The biggest difficulty for me is acclimatisation. During these six months, it seems to me that I was constantly ill. It is not cold here (for example, it is eight degrees above zero at the moment), but it is rather damp because of the wind from the Bosporus Strait. If you go down to the underground, it is stuffy there, but when you go outside, it is windy. Another problem is that now bank cards do not work here. So you have to look for every possible way to draw money out. You have only 60 days at an early stage when you enter into a contract to prepare all the documents and insurance. These problems are not so serious, but it gets on your nerves. You worry a little, but in general, everything is sortable.
The most important thing in such trips is that you change yourself. I noticed that when I came here I was one person, but I leave as a completely different one. At the very least, you change because you have to use skills which you knew nothing about before. You need to communicate with people and find a common language—then you become friends and a group forms. You are all different and have different backgrounds, but you communicate and travel together. You improve your communicative skills and open up more as a person who takes responsibility for your life.
Sometimes it is funny when you talk to new people and teach each other your languages. We taught the Germans such phrases as 'let's go', 'come on, come on' or 'I am tired, everything hurts' in Russian, and they use them now. We like sitting on the grass and talking together in a circle. One day, we were discussing something, and I was gesturing a lot and talking in Russian with Russian girls. Having heard my voice, a boy came up to us. He was from Moscow. This is how people from Russia meet. He said 'I heard you!' from many metres away, came up and asked where he could grab a bite.
Lots of people have come up to us while we were speaking Russian. For example, the mother of a young Turkish guy knew Russian and addressed me: 'Do you know Russian? I want to talk to you!'—this is how you make more and more new acquaintances. They could be from anywhere—from Azerbaijan or Turkey—and they just want to practice Russian. We met a man from England who was studying Russian, and we taught him grammar. Of course, he taught us English in return.
Before I arrived, I had rented a room for myself. But I also decided to book a hostel as I thought: 'I will live in the centre, walk about and buy everything I need. I will spend four days like a queen!' I took a shuttle from the airport. I arrived at the hostel, and they told me: 'You don't have a reservation'. I started texting my friend who was in Turkey—she had already finished her first semester and extended her studies for the spring semester. I asked her to order a taxi for me. I was running out of internet as I was still using my Russian SIM. I tried to hail a taxi for a very long time—it took 30 minutes. I arrived at the flat I had rented, but I couldn't get inside because my flatmate went for a walk. I had to wait for her for an hour and a half and had a meal. As you can see, my first day was very strange, but it immediately powered me up. My mum told me: 'It proves that real life is not a bed of roses.'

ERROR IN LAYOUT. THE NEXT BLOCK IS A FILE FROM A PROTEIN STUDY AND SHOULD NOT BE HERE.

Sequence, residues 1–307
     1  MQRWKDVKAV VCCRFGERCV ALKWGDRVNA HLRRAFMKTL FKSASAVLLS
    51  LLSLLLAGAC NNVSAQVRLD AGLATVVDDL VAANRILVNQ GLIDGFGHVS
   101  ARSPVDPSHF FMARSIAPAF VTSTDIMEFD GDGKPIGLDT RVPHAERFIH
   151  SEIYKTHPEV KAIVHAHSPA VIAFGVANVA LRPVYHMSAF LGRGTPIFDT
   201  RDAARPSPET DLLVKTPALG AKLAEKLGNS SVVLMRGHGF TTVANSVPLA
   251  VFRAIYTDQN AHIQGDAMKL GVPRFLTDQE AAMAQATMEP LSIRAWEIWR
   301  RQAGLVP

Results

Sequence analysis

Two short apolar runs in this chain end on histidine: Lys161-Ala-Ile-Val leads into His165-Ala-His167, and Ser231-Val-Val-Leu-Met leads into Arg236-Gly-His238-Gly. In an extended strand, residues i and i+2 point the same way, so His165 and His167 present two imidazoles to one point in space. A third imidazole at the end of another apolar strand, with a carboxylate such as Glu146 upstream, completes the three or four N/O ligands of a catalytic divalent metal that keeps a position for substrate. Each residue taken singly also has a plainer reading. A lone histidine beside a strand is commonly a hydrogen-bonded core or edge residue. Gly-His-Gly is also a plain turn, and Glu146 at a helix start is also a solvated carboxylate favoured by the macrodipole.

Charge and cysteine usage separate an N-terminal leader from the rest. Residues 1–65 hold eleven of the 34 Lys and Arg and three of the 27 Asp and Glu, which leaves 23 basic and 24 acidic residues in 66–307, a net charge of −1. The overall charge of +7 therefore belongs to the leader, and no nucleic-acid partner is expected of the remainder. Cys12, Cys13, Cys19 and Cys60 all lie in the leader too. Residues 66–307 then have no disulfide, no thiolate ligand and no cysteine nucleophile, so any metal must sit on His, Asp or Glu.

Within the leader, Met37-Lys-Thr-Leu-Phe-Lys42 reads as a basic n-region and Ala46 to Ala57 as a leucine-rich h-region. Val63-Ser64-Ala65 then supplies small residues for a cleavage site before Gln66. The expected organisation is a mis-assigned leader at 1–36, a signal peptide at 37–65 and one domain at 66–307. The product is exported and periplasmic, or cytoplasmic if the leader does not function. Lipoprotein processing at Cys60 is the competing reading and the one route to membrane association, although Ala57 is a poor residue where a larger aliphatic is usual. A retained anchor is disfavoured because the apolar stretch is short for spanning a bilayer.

For me, the mobility programme is a great opportunity to communicate with people and improve my social skills. I noticed that I had improved my English a lot. I seem to have done the same with German, though I had been learning it only in my second and third years of studies. I also would like to learn a little Turkish. I like this country and my research interest is concentrated here. I can freely watch and study.
My experiences with people make up for all the drawbacks. The social circle that formed and the way I started to communicate with people were worth it. You learn to cope with the stress caused by the trip to an unfamiliar country and the lack of language knowledge. You grow as a person and find ways to solve problems quickly. It gives you a great experience.
To those who are planning to go, I would recommend preparing all the necessary things in advance! Perhaps you should also learn a little of the language of the country you are going to (at least all the necessary phrases). Arrange accommodation and think over your first route: how to get from the airport to your accommodation and the university. It is important to have that information.
Do not be afraid to go on a mobility programme. It is vital to leave your comfort zone to understand that life can be different. Of course, it is your right to stay, but then you will never know what you are capable of. You might not discover yourself; you will lose an opportunity and never understand how big the world is, how different people can be, and which opportunities are there for you when you decide to click the 'Apply' button.
Text by Elena Tepaeva,
third-year student of the Bachelor's programme 'History'